BY DENISE DENNIS Career & Education staff reporter email@example.com
THE Ministry of Education has sought to clarify its current work on the Grade Six Achievement Test (GSAT), following yet another announcement of a review earlier this year.
Acting Permanent Secretary Grace McLean said a review of the GSAT is, in fact, complete and what the ministry is now doing is a revision of the exam, which children from the primary education level must sit in order to transition into high school.
Responding to questions from the Jamaica Observer, she said the review, which started in 2009, included a public consultation in all six regions of the ministry. A report on the findings was subsequently completed by the consultant and accepted by the ministry in 2010, McLean said.
"We have continued to refer to the process as the 'GSAT review', which included the review of all documents, the consultations at various levels and stages and now the process of revision that is taking place," she said.
As far back as 2004, the ministry — under the then People's National Party (PNP) administration — announced it would do a review of the GSAT and that it had decided to consult with stakeholders in the education sector. That decision came amidst concerns about the effectiveness of the examination.
In 2008, then Minister of Education Andrew Holness — the current leader of the Opposition Jamaica Labour Party, whose administration only last December came to an end — promised to attach a review process to the GSAT as he had seen where improvements needed to be made.
In March 2009, the media reported that project manager and chairperson of the GSAT Review Committee Jean Hastings had indicated the review was to proceed to its second phase: that of exploring solutions to problems discovered with the exam.
However, in May 2010, Holness announced that no changes would be made to the exam until 2013. He said a number of stakeholders would have to be consulted before any adjustments could be made.
Then earlier this year, the new Minister of Education Ronald Thwaites — with the country again being run by a PNP Government — announced a GSAT review was coming and that the ministry was to spend $10.3 million to hire an overseas consultant to do the work. This review, he said then, was to be completed within the year.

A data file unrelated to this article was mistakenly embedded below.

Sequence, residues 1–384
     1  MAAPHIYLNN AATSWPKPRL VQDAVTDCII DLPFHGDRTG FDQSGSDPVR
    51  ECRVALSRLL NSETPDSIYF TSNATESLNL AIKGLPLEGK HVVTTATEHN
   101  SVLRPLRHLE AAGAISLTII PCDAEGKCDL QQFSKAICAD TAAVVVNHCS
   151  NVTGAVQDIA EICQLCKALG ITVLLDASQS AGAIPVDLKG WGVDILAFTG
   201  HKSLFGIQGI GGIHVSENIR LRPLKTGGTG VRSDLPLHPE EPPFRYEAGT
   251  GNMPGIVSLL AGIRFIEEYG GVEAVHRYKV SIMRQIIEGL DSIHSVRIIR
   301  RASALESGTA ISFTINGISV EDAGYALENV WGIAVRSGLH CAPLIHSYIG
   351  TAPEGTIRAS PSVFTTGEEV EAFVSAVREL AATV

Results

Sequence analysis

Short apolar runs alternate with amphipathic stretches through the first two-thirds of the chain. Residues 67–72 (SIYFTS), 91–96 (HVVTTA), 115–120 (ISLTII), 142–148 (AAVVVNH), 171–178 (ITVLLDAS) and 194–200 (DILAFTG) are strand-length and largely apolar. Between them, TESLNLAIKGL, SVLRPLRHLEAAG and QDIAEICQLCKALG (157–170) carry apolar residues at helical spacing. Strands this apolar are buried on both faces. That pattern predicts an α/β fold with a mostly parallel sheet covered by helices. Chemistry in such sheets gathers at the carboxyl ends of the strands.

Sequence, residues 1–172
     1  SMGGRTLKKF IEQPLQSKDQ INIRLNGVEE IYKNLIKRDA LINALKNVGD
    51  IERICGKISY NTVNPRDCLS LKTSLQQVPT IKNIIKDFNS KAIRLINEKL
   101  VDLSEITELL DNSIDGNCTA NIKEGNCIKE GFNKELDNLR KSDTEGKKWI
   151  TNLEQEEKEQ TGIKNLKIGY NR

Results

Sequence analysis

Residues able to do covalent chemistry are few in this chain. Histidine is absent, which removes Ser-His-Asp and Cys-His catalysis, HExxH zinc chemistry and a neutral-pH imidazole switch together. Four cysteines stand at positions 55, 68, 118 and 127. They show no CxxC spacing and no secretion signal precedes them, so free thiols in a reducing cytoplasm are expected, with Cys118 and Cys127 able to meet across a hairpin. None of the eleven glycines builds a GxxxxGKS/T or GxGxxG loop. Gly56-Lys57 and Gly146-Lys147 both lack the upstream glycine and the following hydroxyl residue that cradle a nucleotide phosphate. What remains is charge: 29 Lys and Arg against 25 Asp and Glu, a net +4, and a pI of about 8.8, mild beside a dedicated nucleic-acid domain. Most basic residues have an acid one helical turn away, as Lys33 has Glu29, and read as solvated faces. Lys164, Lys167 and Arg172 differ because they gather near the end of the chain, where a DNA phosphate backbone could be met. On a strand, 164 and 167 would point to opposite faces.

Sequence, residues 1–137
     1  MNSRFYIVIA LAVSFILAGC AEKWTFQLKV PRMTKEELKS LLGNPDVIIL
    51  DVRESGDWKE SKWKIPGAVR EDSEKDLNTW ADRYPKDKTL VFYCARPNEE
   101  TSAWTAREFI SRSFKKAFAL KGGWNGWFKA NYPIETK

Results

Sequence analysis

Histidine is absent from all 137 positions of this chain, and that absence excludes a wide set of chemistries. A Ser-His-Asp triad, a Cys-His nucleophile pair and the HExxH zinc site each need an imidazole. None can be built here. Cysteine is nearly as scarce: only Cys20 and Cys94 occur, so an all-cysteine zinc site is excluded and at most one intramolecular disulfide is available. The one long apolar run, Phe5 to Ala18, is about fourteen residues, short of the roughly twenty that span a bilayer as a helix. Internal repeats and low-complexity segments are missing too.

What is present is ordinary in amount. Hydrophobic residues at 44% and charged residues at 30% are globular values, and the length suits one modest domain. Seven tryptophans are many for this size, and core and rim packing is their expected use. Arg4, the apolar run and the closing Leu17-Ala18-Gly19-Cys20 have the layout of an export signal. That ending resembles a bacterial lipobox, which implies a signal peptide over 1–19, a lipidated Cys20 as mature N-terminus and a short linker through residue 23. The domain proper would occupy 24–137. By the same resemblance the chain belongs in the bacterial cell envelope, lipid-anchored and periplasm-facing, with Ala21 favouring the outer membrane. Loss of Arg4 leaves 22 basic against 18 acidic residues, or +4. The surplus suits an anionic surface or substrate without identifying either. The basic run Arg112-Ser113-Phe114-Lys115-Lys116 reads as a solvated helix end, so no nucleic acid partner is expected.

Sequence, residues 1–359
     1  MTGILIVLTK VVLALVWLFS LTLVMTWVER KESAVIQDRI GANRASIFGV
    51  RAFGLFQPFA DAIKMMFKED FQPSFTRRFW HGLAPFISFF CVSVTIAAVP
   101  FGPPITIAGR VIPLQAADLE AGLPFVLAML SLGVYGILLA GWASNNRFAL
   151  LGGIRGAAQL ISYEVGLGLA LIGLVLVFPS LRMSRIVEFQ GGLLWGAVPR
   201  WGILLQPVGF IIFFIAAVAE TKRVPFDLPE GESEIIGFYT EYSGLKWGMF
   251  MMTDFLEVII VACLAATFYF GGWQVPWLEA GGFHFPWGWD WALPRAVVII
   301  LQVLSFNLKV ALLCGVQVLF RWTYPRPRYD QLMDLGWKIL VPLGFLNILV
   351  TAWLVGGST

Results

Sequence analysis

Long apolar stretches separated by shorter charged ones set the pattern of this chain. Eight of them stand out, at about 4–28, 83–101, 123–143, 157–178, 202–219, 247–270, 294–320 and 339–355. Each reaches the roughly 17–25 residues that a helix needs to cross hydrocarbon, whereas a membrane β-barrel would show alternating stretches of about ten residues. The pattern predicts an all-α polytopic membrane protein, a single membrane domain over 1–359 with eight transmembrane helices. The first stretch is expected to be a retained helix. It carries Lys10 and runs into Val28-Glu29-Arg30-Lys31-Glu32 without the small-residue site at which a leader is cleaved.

But McLean told Career & Education recently that all the reviews announced over the eight-year period have been "one and the same".
"The review is coming out of the transformation agenda that was set by the ministry after the 2004 Task Force Report. The review process is a long and intensive one as it involves several parts," she said.
"This includes, first, a desk review of what currently exists, a secondary review, curriculum audit, stakeholders' consultation, focus group discussions with students, parents, teachers and other educators, a compilation of all findings; and [then] a discussion with stakeholders again, a compilation of all the findings, followed by more detailed work based on all the findings done previously," McLean added.
She noted that all that was done over the past years is now being used by psychometricians to develop the test and to make recommendations regarding the placement of students.
The final document will then be submitted to the minister for approval and further consultations done with stakeholders before finally being implemented.
Meanwhile, despite the 2009 announcement that the review was moving on to its second stage, McLean told Career & Education that the second stage of the review actually started in January this year, following the completion of a procurement process in 2011.
She explained that this revision stage will cost the ministry approximately $10 million, with funding provided by the International Development Bank. So far, she said the review had cost the ministry only $25,000 — paid out to a consultant from the University of West Indies School of Education, who conducted a focus group discussion with parents, teachers and students.
The public consultations islandwide, she said, were sponsored by the National Commercial Bank and so came at no cost to the ministry.
"What we are now involved in is a revision of the primary exit examination. The revision is designed to address the issues highlighted by the review," McLean said.
These issues relate to the depth of the content of the Revised Primary Curriculum, against which the test is set at grades four to six; the dissonance between the written, taught and learnt curricula; the need to implement a school-based element to the test; and the pressure placed on children by parents and teachers to achieve a 'preferred' placement.
"The Revised Primary Exit examination will seek to have a more balanced assessment of students' ability and readiness for secondary [school]. Importantly, it will be based on a new curriculum which is being developed to address what was seen as weaknesses of the previous curricula at grades one to six. The new exit examinations will be set at grade six, measuring what a child is expected to achieve at the end of grade six. A new system for placement will also be developed," she said.
Asked why Thwaites had announced a new review this year, seeing that the review was already complete, McLean said his words may have been misinterpreted.
"He indicated that the review process is continuing along with the actual revision; revision is sometimes used to describe the overall process of change that is expected to take place," she said.